Your campus, Your story
3-D Art senior, Mark Kozma started carpentry when he was five-years-old and recently turned it into a business.
Mark Kozma has been creating ever since he was a little boy. His grandfather was a carpenter, and his father made gunstocks, so the senior from Cedarville was used to being in a creative environment. Kozma started carving figurines and other pieces out of wood when he was five-years-old and sold his first work of art, a wooden candle holder, at the age of ten. This later led him start Irons in the Fire, a business name he created for the making and selling of his pieces.
After graduating High School where he was actively selling his work, Kozma joined the Navy. He moved to Washington where he continued to create and sell his work by cosigning with many local shops in the area. By then he had already began working with a variety of mediums ranging from woods, ceramics and wire. He specializes in making sculptures, pots, carvings and hair sticks, which he says are popular.
After the navy, Kozma came to CMU and had dreams of pursuing a career in Health Sciences. During his freshman year he decided to major in 3-D art.
“I was always interested in health fitness and things like that, but art and creating things what was I always ended up coming back to,” Kozma said.
Now Kozma outsources to a variety of small boutiques, such as Emma’s and Art Reach, a co-op in downtown Mount Pleasant. This summer, Kozma dedicated his time to selling his art at a variety of different festivals and events, such as Skate Wars, the Mount Pleasant Arts and Crafts Festival and the Hessel Antique Boat Show.
Some of his work has even been shipped internationally, including a pair of nunchucks that were shipped to Germany as well as a wire sculpture of a diver that was shipped to Italy.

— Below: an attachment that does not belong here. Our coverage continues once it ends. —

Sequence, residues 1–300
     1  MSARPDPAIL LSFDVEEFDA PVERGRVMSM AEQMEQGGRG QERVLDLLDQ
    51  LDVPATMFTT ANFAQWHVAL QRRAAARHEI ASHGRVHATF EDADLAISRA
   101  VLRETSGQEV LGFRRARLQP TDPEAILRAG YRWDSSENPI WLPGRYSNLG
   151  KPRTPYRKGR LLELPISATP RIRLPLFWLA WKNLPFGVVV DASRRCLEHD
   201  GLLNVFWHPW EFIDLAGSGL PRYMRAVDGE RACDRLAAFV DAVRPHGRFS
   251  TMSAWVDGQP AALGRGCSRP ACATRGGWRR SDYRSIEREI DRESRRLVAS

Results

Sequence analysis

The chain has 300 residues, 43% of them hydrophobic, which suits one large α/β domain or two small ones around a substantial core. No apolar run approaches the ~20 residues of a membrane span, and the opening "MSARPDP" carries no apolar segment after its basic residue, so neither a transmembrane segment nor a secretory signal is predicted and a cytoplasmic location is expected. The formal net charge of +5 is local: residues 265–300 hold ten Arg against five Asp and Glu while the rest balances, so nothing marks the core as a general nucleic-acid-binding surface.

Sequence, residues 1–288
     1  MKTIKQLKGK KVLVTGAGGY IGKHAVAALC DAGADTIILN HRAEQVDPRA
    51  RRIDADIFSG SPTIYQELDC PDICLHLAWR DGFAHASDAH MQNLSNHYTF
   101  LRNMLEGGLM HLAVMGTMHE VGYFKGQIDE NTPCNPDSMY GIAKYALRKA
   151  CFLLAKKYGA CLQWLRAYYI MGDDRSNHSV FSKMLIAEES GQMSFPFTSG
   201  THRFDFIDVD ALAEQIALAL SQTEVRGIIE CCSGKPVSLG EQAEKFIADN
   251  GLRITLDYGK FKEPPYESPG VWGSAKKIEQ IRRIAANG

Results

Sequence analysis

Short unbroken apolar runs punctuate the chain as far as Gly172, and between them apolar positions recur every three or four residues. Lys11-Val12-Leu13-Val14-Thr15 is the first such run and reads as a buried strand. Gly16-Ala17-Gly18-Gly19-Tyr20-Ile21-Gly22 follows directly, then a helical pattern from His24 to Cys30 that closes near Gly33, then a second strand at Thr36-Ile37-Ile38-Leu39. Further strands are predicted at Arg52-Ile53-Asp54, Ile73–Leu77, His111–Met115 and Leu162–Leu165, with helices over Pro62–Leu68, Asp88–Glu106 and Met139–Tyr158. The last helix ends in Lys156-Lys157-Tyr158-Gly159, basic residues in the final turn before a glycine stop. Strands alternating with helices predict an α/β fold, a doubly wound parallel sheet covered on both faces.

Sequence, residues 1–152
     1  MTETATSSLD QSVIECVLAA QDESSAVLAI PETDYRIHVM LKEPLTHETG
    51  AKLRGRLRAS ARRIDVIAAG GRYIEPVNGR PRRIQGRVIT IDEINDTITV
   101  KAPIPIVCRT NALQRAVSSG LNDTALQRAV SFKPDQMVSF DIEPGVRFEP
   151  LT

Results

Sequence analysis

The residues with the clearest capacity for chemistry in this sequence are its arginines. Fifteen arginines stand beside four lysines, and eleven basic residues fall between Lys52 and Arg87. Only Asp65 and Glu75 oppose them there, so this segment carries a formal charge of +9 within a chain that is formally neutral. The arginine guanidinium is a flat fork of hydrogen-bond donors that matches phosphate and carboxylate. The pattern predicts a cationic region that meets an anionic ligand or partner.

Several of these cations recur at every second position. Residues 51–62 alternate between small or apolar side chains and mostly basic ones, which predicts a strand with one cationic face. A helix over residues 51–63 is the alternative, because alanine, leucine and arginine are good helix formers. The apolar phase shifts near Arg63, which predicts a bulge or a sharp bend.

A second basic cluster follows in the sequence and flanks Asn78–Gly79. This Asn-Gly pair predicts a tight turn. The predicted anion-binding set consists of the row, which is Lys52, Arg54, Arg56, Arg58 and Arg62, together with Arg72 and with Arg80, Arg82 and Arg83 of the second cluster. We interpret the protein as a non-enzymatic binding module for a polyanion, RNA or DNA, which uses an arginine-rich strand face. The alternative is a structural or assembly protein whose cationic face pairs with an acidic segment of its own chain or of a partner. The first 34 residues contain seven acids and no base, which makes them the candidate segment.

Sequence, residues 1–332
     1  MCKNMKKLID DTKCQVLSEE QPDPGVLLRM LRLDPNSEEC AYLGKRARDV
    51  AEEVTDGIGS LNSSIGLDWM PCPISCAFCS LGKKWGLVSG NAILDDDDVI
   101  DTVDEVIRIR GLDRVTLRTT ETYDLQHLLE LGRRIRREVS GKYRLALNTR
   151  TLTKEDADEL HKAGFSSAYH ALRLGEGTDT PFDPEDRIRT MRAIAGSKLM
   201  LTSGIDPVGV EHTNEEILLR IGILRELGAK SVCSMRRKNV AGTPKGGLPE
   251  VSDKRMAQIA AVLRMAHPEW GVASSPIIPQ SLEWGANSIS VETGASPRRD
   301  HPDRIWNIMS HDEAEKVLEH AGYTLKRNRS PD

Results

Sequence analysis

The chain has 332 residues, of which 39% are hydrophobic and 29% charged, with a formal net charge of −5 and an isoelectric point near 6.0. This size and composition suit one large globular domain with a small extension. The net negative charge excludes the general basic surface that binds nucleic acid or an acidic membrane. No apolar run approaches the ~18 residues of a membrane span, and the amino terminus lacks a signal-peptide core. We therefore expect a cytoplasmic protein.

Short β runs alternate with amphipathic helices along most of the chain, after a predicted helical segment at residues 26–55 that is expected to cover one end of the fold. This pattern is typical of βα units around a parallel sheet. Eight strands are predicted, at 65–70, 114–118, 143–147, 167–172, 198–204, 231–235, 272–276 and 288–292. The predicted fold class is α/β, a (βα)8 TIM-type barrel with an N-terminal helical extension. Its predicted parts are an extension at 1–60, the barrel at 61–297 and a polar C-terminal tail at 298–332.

Kozma also does a lot of work for commission and sells many of his pieces to galleries in his hometown Cedarville and to various personal contacts who ask him to create specific things for them.
“I get calls all the time from people just asking me to pitch a few ideas to them, and if they like it, I make it and sell it for an agreeable price between me and that person,” Kozma said.
When taking into consideration the price, Kozma said it is all about the quality of the product, as well as the time he has to dedicate to it, and even admits that he has had to turn down people’s requests because their price was too low.
Many of Kozma’s materials, such as big scrap piles of wood, are donated to him. Recently, Kozma received a call from a friend who works for Miami Homeland Security, who asked him if he could create a table for him. Kozma has been working on the 4’x10’ conference table made of walnut wood with the Miami insignia carved into it for the last six weeks, and said it will take another week for the table to be completely finished.
Ideally, Kozma said he would love to eventually have his own studio where he can distribute his work to various clients by appointment.
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